Is Spring Fever a Thing?


Are you experiencing a spike in your mood and energy level lately? Have you noticed an increased desire to socialize with others? Do you feel drawn toward the outdoors in favor of sunshine and fresh air? If you answered yes to any of these questions, you may have it.  It may be hard to believe, but you may be the victim of the incredibly contagious, addictive, and powerful effects of none other than (drum roll) Spring Fever.


I must admit, there is no formal diagnostic category pinpointing this “fever” but there is some support for the elation we feel at the onset of spring.  Several factors bunch up in the colder months to elicit a need to hole up inside during winter while our days are shorter. Less sunlight translates to less natural energy and changes in our body’s production of melatonin. Once warmer days stick around and nature sprouts and buds all around us, we typically perk up and leave behind the winter blahs.


The majority of folks experience a range of winter lows in which they feel less productive and enthusiastic in contrast to the brighter environment and mild temperatures of spring. A much more serious condition exists that deserves mention, Seasonal Affective Disorder.


Seasonal Affective Disorder IS real and represents a little anecdotal support for the lift in mood that comes with this seasonal change. According to the Diagnostic Manual of Mental Disorders – 5th Edition, SAD falls under a type of depression referred to as Major Depressive Disorder with Seasonal Pattern. Clinical cases of SAD effect 5% of the American population and notably interfere with an individual’s daily functioning. There are other symptoms and requirements for the official diagnosis and several good treatment options. Proper support can help those with SAD thrive through the cooler months.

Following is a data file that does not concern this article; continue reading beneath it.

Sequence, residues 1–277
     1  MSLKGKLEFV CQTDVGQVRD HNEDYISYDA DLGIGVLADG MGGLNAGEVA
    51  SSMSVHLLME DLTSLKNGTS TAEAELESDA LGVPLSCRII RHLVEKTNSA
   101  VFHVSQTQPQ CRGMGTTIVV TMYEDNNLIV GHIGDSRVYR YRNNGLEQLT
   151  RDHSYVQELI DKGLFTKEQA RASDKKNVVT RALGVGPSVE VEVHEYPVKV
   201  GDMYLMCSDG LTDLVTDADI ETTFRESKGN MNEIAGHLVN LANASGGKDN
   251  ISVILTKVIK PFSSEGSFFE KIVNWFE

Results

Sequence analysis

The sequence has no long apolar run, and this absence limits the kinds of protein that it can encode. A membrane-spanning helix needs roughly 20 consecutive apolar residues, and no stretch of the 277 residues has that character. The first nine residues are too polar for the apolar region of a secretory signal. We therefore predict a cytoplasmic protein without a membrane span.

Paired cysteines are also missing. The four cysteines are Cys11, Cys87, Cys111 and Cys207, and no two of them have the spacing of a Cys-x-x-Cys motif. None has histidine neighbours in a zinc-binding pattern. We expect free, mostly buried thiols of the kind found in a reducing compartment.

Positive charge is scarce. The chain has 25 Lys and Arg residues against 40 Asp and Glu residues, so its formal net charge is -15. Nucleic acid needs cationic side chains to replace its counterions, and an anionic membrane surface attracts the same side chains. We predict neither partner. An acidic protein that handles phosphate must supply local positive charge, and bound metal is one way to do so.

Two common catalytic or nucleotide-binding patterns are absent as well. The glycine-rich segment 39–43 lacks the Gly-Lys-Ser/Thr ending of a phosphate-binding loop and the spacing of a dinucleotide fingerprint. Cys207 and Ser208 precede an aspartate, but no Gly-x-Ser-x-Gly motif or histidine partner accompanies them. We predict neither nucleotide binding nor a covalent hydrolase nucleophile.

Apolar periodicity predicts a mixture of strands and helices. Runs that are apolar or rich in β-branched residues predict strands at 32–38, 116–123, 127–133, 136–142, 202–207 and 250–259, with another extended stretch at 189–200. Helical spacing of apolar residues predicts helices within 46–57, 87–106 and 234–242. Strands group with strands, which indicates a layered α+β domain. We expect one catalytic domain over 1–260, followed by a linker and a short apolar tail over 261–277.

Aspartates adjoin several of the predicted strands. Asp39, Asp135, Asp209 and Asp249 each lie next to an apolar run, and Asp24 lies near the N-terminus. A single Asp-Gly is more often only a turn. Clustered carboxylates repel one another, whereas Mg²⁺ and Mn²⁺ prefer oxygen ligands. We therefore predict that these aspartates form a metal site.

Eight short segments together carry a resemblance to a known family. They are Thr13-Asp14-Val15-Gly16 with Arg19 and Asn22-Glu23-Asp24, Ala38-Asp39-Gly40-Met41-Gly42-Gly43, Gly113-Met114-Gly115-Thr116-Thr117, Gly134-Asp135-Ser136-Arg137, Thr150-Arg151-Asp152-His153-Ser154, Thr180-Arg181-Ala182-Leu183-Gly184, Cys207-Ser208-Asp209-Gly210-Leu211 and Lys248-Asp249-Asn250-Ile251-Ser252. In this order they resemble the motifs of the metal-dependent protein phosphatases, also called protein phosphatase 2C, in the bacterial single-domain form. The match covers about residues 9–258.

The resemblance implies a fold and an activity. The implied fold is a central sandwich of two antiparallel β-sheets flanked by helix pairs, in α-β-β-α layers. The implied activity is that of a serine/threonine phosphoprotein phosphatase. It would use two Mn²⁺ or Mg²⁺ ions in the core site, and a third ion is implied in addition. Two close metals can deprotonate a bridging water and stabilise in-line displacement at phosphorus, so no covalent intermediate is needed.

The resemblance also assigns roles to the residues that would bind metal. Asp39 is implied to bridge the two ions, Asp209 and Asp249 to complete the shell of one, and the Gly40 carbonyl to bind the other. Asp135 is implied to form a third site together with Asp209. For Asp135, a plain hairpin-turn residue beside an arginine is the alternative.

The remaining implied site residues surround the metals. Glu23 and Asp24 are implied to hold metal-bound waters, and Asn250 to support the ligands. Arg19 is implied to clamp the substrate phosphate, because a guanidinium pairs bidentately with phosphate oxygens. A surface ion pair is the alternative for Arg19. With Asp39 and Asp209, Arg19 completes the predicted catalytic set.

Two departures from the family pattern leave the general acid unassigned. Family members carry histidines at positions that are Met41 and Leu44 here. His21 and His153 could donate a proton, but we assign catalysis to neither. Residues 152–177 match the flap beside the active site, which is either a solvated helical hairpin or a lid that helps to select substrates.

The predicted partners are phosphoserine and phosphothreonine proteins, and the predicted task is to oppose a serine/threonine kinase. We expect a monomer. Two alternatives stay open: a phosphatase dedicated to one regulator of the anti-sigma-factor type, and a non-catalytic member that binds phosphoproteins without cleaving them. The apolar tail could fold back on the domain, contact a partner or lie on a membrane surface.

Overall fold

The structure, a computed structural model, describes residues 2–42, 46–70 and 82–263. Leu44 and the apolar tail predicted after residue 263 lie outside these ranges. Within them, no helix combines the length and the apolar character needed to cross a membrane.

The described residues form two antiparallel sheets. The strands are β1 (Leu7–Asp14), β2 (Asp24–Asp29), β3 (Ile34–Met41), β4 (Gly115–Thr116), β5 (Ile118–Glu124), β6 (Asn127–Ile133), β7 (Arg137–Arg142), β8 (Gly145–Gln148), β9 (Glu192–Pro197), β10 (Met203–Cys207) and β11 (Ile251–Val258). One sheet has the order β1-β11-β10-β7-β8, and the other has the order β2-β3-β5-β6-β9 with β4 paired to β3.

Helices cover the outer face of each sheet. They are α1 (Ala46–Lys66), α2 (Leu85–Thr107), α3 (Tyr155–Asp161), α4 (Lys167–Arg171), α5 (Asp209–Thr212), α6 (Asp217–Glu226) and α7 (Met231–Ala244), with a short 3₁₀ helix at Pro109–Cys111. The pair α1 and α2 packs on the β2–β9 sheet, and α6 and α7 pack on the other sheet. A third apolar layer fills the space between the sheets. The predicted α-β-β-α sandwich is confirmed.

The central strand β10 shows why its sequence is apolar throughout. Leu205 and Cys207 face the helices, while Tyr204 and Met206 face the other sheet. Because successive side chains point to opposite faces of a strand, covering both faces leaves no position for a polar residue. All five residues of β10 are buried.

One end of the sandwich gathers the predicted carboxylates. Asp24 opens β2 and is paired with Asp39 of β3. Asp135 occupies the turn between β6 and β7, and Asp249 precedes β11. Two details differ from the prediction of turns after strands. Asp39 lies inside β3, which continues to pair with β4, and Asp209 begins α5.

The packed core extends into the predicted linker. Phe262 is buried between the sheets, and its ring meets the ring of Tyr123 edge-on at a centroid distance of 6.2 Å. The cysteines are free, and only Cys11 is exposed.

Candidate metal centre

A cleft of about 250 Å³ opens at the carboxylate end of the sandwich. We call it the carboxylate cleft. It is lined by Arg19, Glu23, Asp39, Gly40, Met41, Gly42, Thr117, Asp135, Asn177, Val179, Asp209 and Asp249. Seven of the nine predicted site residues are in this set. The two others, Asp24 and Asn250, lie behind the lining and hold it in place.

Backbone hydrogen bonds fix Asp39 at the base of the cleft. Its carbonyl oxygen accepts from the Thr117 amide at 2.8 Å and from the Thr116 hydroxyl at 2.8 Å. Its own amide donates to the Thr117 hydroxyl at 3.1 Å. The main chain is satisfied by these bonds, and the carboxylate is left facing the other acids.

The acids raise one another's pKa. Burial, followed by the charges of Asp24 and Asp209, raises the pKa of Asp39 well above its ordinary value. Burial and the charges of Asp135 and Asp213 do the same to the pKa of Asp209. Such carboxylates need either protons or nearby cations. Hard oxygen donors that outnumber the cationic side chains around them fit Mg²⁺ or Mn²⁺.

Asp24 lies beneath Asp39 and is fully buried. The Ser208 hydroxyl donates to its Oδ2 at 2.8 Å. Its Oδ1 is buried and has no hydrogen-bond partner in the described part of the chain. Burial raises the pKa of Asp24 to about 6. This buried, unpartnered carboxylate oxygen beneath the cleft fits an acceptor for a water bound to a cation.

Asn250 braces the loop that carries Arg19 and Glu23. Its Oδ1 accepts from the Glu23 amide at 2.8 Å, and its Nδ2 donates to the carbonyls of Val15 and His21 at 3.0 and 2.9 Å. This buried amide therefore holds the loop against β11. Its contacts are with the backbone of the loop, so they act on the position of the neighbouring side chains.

I may not have SAD but I know I have a serious love for spring and long for the warmer days of sunshine and cool rains. Some of the usual phenomena we tend to look forward to during these spells of spring fever include; baby animals in country pastures, color displays in trees and sprouting plants, the scent of backyard grills, sounds of children laughing and playing outside, spring peepers, freshly plowed fields and gardens germinating new crops, and ripe conditions for fishing, canoeing, and camping.


Spring fever may not be a technical or clinical condition, but the very contrast between short days that require us to bundle up from head to toe, clean off and warm up our cars, or stay indoors where many of us have been isolated is easily recognized. After the year we’ve had, it’s possible we will all run outside waving frantically at our neighbors just because we can. Grab a pet or friend and I’ll see you out there in nature.


What are some of your “symptoms” of spring fever?

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